Jimbo Belkin, who made the best moonshine, died the next year. A man of some means, but too prone to sample his own business assets, Jimbo crashed almost a dozen cars, including several Ford Model Ts, a big Hupmobile, as well as a sleek Packard that he bragged about long after it was gone and did not recollect convolving with a tree. The powers that be took away his license. At last he traded twenty jugs of his finest for a tractor named Alamedie, which he modified by adding a cabin made of two-by-fours and some oilcloth in case of bad weather. He seemed to fall in love with Alamedie. On Ida’s sixth birthday Jimbo took her out for a drive along the county roadways, letting her hold Alamedie’s wheel on the straights while he puffed on cigars and waved at women on their porches. By her seventh birthday Jimbo had drowned, locked in an embrace with Alamedie who overturned on him in a drainage ditch during a storm. It took three men and a mule to pull the tractor off him, and Jimbo’s funeral was well attended, particularly by unaccompanied women who did not seem to grieve much.

Right after that Pappy and Pinkus Belkin died in a strange sort of tandem. Pappy smothered under the butt of a monkey he won in a card game—passed out one night and the creature sat on his face, perhaps misunderstanding how to ask for food. Within a month Pinkus, who lived in Pappy’s basement, vowed to renovate the house in honor of his brother, although this was against the wishes of Pappy’s wife. He climbed the ridgepole of the roof, stood to adjust his trousers, and then pitched over the side of the house before, according to Pappy’s wife, you could say “Boo.” Neither man had ever had much to say to Ida in particular, or children in general, or in truth anyone anywhere except each other. It was felt that since one had died, it was honorable of fate to grab the other one, too, for eternity could last a long time without conversation.

The last of the brothers was the oldest, Howt Belkin. Howt was unremarkable, a kind and dreamy man whom no one missed if he wasn’t there and no one noticed if he was. He lived to be a very old man and died peacefully in bed, reading a book.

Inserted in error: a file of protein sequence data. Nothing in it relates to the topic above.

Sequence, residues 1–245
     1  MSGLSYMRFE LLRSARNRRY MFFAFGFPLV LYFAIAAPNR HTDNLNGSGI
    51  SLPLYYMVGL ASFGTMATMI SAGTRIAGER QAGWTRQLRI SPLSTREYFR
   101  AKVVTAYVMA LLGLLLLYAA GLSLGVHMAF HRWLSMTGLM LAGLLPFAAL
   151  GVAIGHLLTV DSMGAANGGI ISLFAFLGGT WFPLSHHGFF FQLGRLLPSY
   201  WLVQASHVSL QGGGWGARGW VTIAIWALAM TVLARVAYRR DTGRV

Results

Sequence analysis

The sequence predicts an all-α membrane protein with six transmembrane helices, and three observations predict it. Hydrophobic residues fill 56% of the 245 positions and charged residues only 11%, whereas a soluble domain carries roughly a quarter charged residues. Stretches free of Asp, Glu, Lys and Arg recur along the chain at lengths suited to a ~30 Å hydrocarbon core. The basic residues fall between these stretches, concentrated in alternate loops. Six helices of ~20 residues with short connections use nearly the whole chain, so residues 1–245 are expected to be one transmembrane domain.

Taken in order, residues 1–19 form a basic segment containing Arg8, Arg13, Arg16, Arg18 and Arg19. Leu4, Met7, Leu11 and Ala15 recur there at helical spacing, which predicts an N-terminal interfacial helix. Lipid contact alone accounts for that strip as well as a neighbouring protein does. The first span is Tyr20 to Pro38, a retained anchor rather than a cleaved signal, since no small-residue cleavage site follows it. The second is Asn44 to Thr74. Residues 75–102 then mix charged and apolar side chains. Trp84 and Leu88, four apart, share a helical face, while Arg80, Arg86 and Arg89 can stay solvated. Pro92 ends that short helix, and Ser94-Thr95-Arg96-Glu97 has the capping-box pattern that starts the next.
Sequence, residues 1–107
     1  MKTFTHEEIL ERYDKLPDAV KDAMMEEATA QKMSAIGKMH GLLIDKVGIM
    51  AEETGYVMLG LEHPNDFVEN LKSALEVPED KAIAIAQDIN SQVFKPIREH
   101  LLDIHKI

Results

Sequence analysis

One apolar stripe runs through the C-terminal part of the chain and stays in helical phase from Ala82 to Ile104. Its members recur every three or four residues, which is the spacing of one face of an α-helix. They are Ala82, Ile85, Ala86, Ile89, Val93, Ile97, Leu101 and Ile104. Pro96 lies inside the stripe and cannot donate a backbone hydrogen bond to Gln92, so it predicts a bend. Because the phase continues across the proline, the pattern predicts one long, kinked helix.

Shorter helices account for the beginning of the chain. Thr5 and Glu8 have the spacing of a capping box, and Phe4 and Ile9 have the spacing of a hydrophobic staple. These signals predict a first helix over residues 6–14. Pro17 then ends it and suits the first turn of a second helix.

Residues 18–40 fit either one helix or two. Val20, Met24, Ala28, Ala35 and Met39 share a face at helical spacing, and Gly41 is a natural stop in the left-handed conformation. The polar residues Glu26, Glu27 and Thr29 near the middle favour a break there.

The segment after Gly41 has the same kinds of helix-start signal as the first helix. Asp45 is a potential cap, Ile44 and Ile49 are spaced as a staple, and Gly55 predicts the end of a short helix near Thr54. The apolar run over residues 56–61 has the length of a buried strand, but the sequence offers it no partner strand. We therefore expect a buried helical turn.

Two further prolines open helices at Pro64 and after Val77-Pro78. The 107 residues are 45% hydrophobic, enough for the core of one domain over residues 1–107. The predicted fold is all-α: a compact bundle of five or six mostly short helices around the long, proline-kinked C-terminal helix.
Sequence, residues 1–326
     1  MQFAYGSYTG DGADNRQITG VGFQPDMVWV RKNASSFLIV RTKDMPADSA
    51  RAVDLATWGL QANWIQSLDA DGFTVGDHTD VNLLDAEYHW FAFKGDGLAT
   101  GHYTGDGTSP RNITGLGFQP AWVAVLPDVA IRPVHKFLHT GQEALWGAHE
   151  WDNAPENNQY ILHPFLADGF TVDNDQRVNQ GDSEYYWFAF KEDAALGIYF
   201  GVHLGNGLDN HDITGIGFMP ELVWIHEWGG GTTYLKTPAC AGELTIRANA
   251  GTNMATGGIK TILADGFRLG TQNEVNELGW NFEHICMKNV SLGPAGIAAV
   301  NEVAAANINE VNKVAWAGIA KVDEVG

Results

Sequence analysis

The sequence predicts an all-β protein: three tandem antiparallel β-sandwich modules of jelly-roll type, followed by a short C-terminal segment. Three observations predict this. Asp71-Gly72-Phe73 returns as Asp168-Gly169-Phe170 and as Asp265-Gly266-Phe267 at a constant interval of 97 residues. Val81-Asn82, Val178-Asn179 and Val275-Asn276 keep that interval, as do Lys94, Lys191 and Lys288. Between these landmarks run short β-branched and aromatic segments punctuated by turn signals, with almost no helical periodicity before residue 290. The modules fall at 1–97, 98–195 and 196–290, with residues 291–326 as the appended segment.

Once, when she was five, Ida had strolled out onto Pappy’s porch after a big family dinner and found Howt nodding on the swing there. She tucked herself up beside him, he put an arm around her, and the two fell asleep like that. It was summer and time that afternoon elongated somehow, like taffy being pulled.

Eighty-four years later Howt was the only legendary Belkin boy Ida remembered with absolute clarity. Not the loud and storied brothers. Just Howt. Dreamy Howt. The way his heart had beaten. The swing moving in a graceful adagio. The shush of insects. The little yelps from dogs dreaming in the dirt. The smell of sweet honeysuckle. The way her Uncle Howt had been able to keep so still.

Unromancing the stone

BULLHEAD
by Leigh Allison /wilson

(From flashquake)

Every story is true and a lie. My mother tells a story about the love of her life. It’s a simple one, but she always cries when she tells it and looks right through me, as though I hadn’t been born. Something about the detail makes me feel there’s a sadness in the world that will last until the rushing crack of doom.

It goes like this: In the forties, when she was a teenaged girl in Tennessee, my mother fell in love with the boy next door. That same year the government decided to build dams all over the state. As if some crazy rainstorm had come and gone, pristine new lakes puddled the landscape from Knoxville to Memphis. One lake formed right over my mother’s hometown—people lost their homes, lost their businesses, their graveyards, their farmland and, in some cases, their hearts. On the night before the government moved everybody out of her hometown my mother and the love of her life, this boy next door, made love in my mother’s bedroom. Her parents were at a prayer meeting, praying for dry land, I guess, like Noah. This boy was sweet, was kind, was smart and generous and lovely to look at; this boy was the love of her life. He moved with his family to Texas the next day and she never saw him again.

Except: Once a year she rents a rowboat and goes out on the lake that has drowned her old hometown. She drops a penny over the side, right over the place where her old house must be. Fifty years, fifty pennies. She imagines them drifting downward, all those pennies, drifting through the murky lake water, startling the catfish and bullhead, each penny listing into the open window of her bedroom and falling at last onto the pillow where she once lay with her head against the love of her life, the boy next door. She imagines their ghost love showered by pennies; she imagines this love beyond all loves glittering with gold. Then she rows back to shore and back to my father and me and the life that can’t compete with memory.